Sunday, January 3, 2010

Oh Just Pick A Name Already!

If you have an opinion on this, I would greatly appreciate hearing what it is!!!

I have this one family line, the "Domelle" line, and they emigrated to the US from what was the Austro-Hungarian Empire at the beginning of the 20th century.

Where they came from is now within the borders of modern-day Romanian.

But the Domelle's are actually German.

Apparently there was a big movement of Germans into Hungary during the 18th century. Much of the land was uninhabited and the Habsburg rulers wanted it more populated to help keep the Turks at bay. So they invited a bunch of Germans to move in, and they did. (See the Habsburg Rule section of this.)

An interesting consequence that resulted from these pockets of german-speaking people in Hungary was that towns and counties and such ended up being referred to by two names, the Hungarian and German versions of each name.

Of course, once all the towns became part of Romania later on in the 20th century, then there was a Romanian name for the towns.

So which name am I supposed to use?

The one my ancestor used on whatever document I'm looking at? What if they switched back and forth depending on their mood? Do I use the modern day name?

For instance, my great-aunt Anna Magdalena Domelle who emigrated to the US in 1919 lists (on her Social Security Application form) that her birthplace was:

Gatga, Tenesmege, Hungaria.

Actually, someone else typed it for her, she just signed it. Which is why that is a horrible mis-spelling.

The town is actually "Gattaja". In German.

In Hungarian, it's "Gátalja".

In Romanian, it's "Gătaia".

(Oh, and thank you german version of Wikipedia for being much more clear on Gattaja than the english version! Now I have to remember to check other languages of Wikipedia to help me along as well!)

I do know that the entire family (according to my grandfather and all the census records) spoke German.

But sometimes, they gave the Hungarian name for things, as in when my great-grandfather William Domelle said he was born in Nagyosz, which is actually Treibswetter in German, and Tomnatic in Romanian.

What do I do??? Naturally in my notes I capture all this information, but in my family tree software, in the main display for each person, which version do I use?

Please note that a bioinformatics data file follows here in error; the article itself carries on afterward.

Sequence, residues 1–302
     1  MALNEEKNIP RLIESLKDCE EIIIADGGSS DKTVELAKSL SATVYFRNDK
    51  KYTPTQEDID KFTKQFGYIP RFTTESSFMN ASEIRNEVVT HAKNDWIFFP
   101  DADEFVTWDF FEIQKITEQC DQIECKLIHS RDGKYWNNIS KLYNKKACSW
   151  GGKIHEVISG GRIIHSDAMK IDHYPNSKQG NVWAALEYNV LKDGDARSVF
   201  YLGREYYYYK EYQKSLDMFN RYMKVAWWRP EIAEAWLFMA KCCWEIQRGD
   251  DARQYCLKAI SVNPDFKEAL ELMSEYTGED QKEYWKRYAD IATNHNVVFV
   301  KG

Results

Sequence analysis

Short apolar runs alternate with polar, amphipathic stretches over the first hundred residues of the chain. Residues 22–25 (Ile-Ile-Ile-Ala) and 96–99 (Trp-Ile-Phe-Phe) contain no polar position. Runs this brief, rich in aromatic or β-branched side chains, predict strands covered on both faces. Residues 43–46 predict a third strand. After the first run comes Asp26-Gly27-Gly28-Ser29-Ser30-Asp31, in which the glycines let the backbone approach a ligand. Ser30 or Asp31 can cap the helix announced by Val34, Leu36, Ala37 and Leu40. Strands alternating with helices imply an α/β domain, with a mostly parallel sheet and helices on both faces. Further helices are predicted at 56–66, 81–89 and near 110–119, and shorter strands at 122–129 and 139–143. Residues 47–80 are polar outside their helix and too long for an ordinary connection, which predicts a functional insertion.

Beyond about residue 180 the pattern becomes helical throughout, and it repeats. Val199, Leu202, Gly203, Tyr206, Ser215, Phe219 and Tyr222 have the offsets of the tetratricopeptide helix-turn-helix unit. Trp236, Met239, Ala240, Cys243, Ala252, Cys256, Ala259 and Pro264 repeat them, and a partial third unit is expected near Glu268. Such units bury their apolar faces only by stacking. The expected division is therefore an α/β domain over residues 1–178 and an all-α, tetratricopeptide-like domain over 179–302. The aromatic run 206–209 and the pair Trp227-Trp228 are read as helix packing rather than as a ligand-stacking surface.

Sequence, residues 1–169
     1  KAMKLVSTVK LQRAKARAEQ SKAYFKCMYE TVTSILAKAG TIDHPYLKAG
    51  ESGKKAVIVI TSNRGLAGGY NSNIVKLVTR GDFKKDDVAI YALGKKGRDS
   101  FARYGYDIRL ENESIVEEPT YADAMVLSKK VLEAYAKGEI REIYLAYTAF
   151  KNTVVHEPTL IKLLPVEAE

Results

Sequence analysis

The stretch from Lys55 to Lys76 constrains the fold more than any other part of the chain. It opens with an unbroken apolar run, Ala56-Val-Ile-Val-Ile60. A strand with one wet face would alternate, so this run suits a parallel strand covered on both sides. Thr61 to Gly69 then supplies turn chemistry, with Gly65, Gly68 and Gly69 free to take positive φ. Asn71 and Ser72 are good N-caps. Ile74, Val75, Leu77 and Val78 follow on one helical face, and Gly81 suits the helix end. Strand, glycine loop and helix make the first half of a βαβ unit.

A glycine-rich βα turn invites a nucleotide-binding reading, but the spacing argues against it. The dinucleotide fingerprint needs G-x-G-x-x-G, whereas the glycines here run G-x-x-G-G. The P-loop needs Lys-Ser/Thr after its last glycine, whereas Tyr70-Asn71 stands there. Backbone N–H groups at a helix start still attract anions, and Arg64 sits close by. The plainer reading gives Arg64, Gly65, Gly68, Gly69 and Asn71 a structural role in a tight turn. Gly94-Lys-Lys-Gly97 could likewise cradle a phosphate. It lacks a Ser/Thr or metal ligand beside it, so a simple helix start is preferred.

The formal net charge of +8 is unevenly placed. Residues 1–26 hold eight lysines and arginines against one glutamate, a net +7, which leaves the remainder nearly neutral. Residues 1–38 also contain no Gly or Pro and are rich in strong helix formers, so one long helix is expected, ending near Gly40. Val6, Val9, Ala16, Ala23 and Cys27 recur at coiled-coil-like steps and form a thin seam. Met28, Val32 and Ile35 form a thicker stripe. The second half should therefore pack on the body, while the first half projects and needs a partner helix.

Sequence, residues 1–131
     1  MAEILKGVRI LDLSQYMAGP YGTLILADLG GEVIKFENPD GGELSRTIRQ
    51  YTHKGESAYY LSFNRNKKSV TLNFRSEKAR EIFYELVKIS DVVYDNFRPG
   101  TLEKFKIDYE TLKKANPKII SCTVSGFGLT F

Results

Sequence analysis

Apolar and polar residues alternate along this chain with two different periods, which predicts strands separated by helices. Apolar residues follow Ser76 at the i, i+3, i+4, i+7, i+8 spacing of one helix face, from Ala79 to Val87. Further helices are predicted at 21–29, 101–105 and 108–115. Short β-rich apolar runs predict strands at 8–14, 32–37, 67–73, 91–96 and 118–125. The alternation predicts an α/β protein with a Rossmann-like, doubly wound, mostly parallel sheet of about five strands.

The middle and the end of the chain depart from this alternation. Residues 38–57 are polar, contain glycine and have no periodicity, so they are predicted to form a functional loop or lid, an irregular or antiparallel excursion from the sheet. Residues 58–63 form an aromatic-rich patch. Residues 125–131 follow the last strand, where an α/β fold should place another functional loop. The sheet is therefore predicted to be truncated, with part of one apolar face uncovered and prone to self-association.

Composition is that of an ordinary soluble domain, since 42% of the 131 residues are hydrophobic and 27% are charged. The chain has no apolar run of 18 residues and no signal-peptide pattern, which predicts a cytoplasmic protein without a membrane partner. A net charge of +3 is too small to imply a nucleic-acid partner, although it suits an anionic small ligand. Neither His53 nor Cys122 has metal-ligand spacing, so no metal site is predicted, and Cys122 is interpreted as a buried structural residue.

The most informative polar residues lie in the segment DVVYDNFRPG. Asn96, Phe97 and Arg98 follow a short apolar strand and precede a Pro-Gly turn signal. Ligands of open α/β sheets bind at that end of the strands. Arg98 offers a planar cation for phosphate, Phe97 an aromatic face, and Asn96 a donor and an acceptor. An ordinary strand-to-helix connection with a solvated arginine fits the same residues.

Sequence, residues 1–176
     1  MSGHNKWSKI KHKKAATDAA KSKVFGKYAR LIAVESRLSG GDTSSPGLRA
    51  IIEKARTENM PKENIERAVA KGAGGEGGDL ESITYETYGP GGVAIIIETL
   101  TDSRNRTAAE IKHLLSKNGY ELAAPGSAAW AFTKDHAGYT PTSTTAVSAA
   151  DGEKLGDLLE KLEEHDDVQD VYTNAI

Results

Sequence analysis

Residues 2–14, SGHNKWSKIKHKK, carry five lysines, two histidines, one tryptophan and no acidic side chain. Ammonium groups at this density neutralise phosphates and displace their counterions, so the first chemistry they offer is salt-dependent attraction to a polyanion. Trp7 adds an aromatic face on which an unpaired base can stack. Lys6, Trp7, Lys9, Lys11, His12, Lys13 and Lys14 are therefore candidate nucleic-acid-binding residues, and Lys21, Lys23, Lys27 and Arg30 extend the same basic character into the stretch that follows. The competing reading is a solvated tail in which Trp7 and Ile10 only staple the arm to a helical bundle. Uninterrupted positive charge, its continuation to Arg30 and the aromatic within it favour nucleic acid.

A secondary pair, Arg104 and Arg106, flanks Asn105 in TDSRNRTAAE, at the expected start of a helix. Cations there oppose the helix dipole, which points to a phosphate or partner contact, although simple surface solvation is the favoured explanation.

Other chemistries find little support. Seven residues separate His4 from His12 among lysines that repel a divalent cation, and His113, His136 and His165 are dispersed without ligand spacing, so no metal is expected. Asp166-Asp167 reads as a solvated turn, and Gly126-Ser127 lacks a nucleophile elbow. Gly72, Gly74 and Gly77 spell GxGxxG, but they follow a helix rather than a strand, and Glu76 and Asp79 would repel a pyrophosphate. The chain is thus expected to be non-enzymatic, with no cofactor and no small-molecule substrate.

Right now I am using whatever they used the most in their documents. But I would prefer to have a consistent way of capturing it.

Any thoughts from anyone?


  1. I've seen this quite a bit. On both the French and Polish borders of Germany, the land changed ownership frequently and the new owners would go in and change the names of EVERYTHING, towns, rivers, whatever and even try to destroy the old references. Then there'd be another war... you get the point. My references usually list the current name first and the other names in parenthesis. But that's just my opinion, I could be wrong. ;->

  2. The genealogical standard is to use the name that was official at the time of the event.

    In my family tree software (RootsMagic), I use both the official name at the time of the event as well as the current name for clarification, like so:

    Town of Clarence, Niagara (now Erie) Co., New York


    Spokane Falls, Stevens Co., Washington Territory (now Spokane, Spokane Co., Washington)


    Strasbourg, Alsace (now Alsace-Lorraine), France

    If you don't have room in your family tree software for both, list the name that was official at the time of the event, and then in your notes for the event or for the place name (depending on if your software allows it), list the current name for clarification.

    Good luck! This isn't easy, and it especially gets complicated with Central and European place names.

  3. P.S. I have ROCKWELL lineage, too! :-)

  4. It's confusing! But I tend to use the place name as it was at the time of the event. So when someone was born, if that area "belonged" to Hungary on the map, I'd use the Hungarian name...even if the place name switched to another name or another country at the time of the person's death. You sort of have to explain it all in your references or notes anyway.

  5. If it wasn't confusing enough already, it may get moreso. Legacy recently had its users tidying up their data entry in anticipation of being able to have interaction between your own database and FamilySearch. One emphasis was on place names. There's a page where you can find out the standardized way to enter place names:

    Although I really like Miriam's way of doing it with the additional info in parentheses, I don't think it'll fly with the standardized place names. And having said probably too much already, I'll add that I'm not sure the FamilySearch standardized place names database is complete, and it also doesn't tell you the date range that a place name is accurate for, which would be a huge improvement.

    This was a good question, Leah, and I hope more genealogists will share their thoughts!